As Kodak File For Bankruptcy, The Future Of Cinema Is Unveiled

The film stock company so iconic that the phrase “A Kodak moment” has become part of our everyday arsenal, it seems that the giant might finally be seeing its final days. After 132 years in business, one of the biggest producers of film stock in the world has filed for Chapter 11 bankruptcy, according to a story on Time‘s website. Based in Rochester, NY, The Eastman Kodak Company was hit hard by the recession and the advent of the RED and Arri Alexa digital cinema cameras, and after laying off thousands of workers and seeing their shares drop dramatically Kodak are making a final attempt to keep the company alive in bankruptcy court.

If Kodak does crumble then it will be both a sad day for cinema, and also a landmark in the move forward to the future of filmmaking and the age of digital cinematography. I’m not referring purely to 3D – a technique which still divides many with strong opinions both for and against it – but also to the release of films in higher framerates. Films shown at 60fps, for example, would not suffer the ever-present problem of motion blur shown in this still from The Dark Knight.

As Jon Landau said in a recent Q&A for Titanic 3D, shooting at 24fps that originated when “talkies” first started coming into fashion, and is now hopelessly outdated. Next year, The Hobbit will become the first film to be released in 3D at 48fps, and in Craig Skinner’s interview with director Douglas Trumbull last year it was also suggested that methods of shooting and screening film are in desperate need of an upgrade.

I think one of the problems with the movie industry right now is that the way films are presented in cinemas is very substandard … The colour saturation is low, the frame-rate is low, the screen is relatively small, it’s rectangular and usually flat. So there’s nothing close to the days when I grew up with movies where we had Cinerama and deeply curved 90-foot wide screens and you could create a kind of spectacle, event movie which is where I started with 2001. That’s all pretty much gone. It’s alive to a certain extent in IMAX theatres but even IMAX has converted now to 2K digital projectors on smaller screens. So not anywhere in the industry is there a kind of spectacular exhibition format. Then you have the additional problem of 3D projection which reduces the brightness to an average of 2.5 foot-lamberts, which is way way too dim to create any sense of spectacle. It creates a lot of eye-strain and a lot of problems with brightness, so you see very little colour saturation, very little contrast, you’re seeing a really sub-standard image.

Then you have 24 frames-per-second, which has been the standard in the industry for ever, since talking movies came in, which has been revealed to the professionals in the industry to be inadequate for 3D because the blurring and strobing that happens at 24fps really disturbs a clear perception of 3D. So they have to slow down the action and try and keep it from blurring and strobing to hold the 3D image together. The result is that Peter Jackson is now shooting The Hobbit in 3D at 48fps, Jim Cameron is planning to shoot Avatar 2 and 3 at 60fps, if not 48.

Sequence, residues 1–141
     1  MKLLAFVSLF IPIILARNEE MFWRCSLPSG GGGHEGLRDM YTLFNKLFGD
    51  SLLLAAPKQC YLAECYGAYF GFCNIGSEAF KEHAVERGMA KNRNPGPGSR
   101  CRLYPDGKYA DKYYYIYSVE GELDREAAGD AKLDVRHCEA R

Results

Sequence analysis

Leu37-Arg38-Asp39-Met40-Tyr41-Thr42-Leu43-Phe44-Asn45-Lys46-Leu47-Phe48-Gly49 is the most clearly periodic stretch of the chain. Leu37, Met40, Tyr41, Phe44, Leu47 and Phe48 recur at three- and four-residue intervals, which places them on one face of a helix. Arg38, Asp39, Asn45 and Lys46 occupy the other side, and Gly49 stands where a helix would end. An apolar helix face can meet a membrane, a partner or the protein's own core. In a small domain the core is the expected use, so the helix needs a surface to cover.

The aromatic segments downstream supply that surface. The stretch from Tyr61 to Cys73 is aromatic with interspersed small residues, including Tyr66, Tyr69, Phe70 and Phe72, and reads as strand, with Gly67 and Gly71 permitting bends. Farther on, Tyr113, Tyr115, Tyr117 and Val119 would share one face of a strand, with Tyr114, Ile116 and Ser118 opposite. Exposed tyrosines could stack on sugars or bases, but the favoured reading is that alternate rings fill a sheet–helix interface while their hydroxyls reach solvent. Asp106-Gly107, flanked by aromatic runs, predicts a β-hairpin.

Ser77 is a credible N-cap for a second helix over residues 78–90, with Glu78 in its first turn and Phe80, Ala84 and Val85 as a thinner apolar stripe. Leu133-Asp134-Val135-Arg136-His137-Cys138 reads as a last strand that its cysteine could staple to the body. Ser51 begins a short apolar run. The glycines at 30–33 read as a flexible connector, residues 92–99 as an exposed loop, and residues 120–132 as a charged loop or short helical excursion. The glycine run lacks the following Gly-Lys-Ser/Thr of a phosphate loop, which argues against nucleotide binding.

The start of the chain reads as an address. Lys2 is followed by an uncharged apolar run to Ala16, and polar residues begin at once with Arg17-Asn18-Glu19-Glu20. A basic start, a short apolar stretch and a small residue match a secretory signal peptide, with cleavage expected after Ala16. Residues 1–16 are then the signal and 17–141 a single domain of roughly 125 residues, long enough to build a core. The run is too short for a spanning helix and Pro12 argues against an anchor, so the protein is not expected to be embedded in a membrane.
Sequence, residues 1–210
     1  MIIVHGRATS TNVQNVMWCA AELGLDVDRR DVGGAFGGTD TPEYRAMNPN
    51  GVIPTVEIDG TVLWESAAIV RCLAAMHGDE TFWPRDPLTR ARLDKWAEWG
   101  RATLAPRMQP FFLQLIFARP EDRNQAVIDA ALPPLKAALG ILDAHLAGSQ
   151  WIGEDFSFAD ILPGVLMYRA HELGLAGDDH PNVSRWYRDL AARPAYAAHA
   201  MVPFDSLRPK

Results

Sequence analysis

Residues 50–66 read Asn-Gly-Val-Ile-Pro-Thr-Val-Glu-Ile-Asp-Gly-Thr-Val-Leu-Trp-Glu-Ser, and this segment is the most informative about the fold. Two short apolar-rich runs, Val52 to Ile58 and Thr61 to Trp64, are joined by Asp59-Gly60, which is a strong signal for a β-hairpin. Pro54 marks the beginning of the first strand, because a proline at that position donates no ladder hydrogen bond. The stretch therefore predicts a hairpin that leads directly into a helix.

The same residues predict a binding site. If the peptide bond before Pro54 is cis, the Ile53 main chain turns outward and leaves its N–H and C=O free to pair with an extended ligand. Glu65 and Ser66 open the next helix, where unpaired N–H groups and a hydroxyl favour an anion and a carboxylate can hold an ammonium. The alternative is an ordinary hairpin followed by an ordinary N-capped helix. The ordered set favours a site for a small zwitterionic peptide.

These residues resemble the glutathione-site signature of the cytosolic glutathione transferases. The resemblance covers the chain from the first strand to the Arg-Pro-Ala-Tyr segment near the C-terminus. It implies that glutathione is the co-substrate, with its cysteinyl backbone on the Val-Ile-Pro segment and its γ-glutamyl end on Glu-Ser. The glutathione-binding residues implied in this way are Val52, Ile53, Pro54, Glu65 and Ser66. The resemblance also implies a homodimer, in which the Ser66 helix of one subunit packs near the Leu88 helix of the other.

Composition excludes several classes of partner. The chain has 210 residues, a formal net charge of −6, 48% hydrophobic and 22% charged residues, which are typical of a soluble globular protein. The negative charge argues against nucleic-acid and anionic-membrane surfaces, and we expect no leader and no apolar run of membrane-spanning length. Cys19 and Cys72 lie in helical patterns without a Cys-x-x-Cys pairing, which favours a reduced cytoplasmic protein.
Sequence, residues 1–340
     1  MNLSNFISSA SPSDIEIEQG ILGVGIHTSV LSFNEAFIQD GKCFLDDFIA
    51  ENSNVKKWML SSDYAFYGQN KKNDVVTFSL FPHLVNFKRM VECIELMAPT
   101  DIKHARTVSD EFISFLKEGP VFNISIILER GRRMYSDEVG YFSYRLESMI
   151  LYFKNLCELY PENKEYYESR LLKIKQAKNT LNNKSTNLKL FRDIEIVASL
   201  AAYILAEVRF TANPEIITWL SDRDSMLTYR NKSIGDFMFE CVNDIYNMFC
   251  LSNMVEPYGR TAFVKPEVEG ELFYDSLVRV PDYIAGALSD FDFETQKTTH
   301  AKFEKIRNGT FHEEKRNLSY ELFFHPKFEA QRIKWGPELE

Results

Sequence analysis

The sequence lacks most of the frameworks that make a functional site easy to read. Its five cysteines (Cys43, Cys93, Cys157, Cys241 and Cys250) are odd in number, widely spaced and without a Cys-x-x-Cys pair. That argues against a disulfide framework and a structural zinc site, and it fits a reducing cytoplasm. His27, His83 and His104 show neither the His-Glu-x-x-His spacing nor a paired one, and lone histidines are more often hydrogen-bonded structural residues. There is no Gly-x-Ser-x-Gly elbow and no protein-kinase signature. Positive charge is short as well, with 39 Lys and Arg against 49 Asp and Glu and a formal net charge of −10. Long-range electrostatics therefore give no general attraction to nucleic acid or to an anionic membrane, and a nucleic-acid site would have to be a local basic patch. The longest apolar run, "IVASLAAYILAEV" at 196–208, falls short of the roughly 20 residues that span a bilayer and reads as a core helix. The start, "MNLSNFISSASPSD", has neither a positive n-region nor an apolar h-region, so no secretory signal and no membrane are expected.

I’m shooting films right now at 120fps in 3D and I know that the result is absolutely stunning but very few people on this planet have actually seen that, yet …I don’t see right now any visible advantage to go even higher than 120 frames, I think that’s about as much as the human eye can absorb, but combining 120 frames and high brightness and gain screens that are very wide and large with a different seating configuration is a huge epic change that will take some time to effect. But I’m working on it.

Another story that broke just yesterday was that Qube Cinema screened Melissa Butts’ film Space Junk 3D at 60fps 4K 3D at a demo in Galveston, Texas, the first film of its kind to be screened in this way. The demo compared the same footage shown at 24, 48 and 60fps and when screened in the latter format the motion blur was all but eliminated and the audience was capable of seeing rich detail even during fast movements. Upon seeing her film on the screen, the director noted that:

 “All the hard work we put into shading, lighting and textures was that much more brilliant and remarkable… With all the detail, everything just looks and feels more real.”

Shooting on film still has a place in cinema for directors and cinematographers who want to achieve a certain aesthetic, but the industry as a whole is not holding back for nostalgia’s sake. Instead, technological innovation is allowing audiences to experience films in ways never before thought possible, and the introduction of films screening at higher framerates will test the limits of interaction between the human eye and moving pictures. Digital cinematography is no longer a cheaper substitute for shooting on film, as it was less than a decade ago, and is fast become the preferred and improved method of filmmaking as a whole. As Trumbull says in the demo video below:

It used to be that everybody, digitally, wanted to make it look like film. But we’d kind of like to skip that and say, ‘No, we want to make it look great.’

YouTube Preview Image

Who else is excited?

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